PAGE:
review from the Iowa Court of Appeals.
from the Iowa District Court for Decatur County, John D.
appellant appeals from the summary dismissal of his
application for postconviction relief.
Cathleen J. Siebrecht of Siebrecht Law Firm, Des Moines, for
J. Miller, Attorney General, and Thomas J. Ogden, Assistant
Attorney General, for appellee.
years ago David Dewberry stood in open court with his counsel
and pleaded guilty to robbery in the first degree, in
violation of Iowa Code section 711.2 (2011). In this
postconviction-relief case, Dewberry now claims he is
actually innocent of robbery in the first degree and seeks to
vacate his conviction. "Dispositive to this case"
is a "fundamental fact: [Dewberry] is not innocent, in
any sense of the word." Herrera v. Collins, 506
U.S. 390, 419, 113 S.Ct. 853, 870 (1993) (O'Connor, J.,
conviction arises out of a home invasion he perpetrated in
July 2011. The facts and circumstances of the home invasion
were set forth in a prior decision affirming the denial of
Dewberry's first application for postconviction relief,
and we need not repeat them at any great length herein.
See Dewberry v. State, No. 14-1198, 2015 WL 7567514,
at *1-2 (Iowa Ct. App. Nov. 25, 2015). In short, Dewberry
burst through the front door of a single-family residence in
the middle of the night. He wore a black ski mask and carried
what looked like a black handgun. After Dewberry burst in, he
grabbed one of the family members by the neck, threatened to
shoot her, and demanded money. Rather than give in to
Dewberry's demand, the family physically resisted
Dewberry. During the ensuing physical altercation, Dewberry
and two of the family members tumbled down a staircase.
Dewberry then ran back up the staircase, put his gun in
another's face, and screamed, "Give me your
money." By that point, one of the family members had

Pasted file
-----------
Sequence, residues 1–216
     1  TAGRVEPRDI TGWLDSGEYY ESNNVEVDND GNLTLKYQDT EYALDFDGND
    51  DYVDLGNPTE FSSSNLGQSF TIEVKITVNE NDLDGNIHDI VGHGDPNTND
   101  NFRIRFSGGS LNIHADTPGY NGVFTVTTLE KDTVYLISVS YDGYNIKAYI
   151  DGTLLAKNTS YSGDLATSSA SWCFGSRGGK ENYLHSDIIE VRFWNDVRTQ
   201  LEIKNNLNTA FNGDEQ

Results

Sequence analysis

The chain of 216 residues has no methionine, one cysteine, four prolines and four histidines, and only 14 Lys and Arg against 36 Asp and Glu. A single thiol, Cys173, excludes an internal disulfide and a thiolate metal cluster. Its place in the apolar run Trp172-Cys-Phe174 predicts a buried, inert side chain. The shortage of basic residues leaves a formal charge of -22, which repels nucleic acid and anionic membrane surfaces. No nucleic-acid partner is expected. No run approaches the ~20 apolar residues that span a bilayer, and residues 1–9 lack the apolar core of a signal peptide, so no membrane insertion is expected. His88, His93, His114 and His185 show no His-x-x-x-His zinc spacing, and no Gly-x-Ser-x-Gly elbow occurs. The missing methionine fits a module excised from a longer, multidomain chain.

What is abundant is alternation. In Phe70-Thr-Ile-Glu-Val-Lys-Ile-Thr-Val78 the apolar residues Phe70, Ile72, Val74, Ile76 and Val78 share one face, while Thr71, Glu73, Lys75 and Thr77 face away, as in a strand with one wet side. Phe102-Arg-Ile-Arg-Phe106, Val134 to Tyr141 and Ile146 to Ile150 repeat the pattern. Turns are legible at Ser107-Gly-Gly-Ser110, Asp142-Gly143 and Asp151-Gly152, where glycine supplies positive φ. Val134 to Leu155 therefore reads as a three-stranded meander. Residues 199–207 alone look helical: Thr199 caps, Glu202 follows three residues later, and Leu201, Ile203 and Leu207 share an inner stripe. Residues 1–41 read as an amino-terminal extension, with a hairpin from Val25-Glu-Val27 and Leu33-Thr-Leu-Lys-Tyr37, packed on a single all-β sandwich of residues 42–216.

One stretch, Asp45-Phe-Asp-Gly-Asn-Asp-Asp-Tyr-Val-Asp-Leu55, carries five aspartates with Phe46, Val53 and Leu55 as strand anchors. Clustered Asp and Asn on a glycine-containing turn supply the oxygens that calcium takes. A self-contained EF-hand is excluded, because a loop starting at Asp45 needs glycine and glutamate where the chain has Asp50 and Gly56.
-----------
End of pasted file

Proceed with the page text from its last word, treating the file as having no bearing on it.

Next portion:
retrieved a 12-gauge shotgun. He pointed the shotgun at
Dewberry's head, and Dewberry fled out the front door.
When officers arrived at the scene, they found three duffel
bags in a field near the home filled with tape, twine, and
was caught shortly thereafter. The evidence against him was
overwhelming. Dewberry was charged with one count of burglary
in the first degree, three counts of robbery in the first
degree, one count of assault while participating in a felony,
and one count of going armed with intent. In total, Dewberry
faced up to 110 years' incarceration. Pursuant to a plea
agreement, Dewberry pleaded guilty to one count of robbery in
the first degree and was sentenced to an indeterminate term
of incarceration not to exceed twenty-five years. In exchange
for Dewberry's guilty plea, the State agreed to dismiss
the remaining charges.
plea colloquy was thorough. The court asked Dewberry to
explain what he did:
THE DEFENDANT: Well, Your Honor, on the day of July 16, 2011,
I was going to commit a theft, and in doing so, I entered a
residence that was not mine nor had any permission to enter
and used the BB gun to put fear or threaten the residents of
THE COURT: Can you describe for me further what this gun was
that you used?
THE DEFENDANT: It was just a BB gun.
THE COURT: Was it a spring-loaded BB gun, or was it C02?
THE DEFENDANT: It was just a spring-loaded, I think. It might
have been C02. I don't know. I never shot it.
THE COURT: Well, can you describe what it looked like?
THE DEFENDANT: It was black.
THE COURT: Can you describe it further as to the shape of it?
THE DEFENDANT: It looked like a gun.
THE COURT: Have you ever seen a real gun ...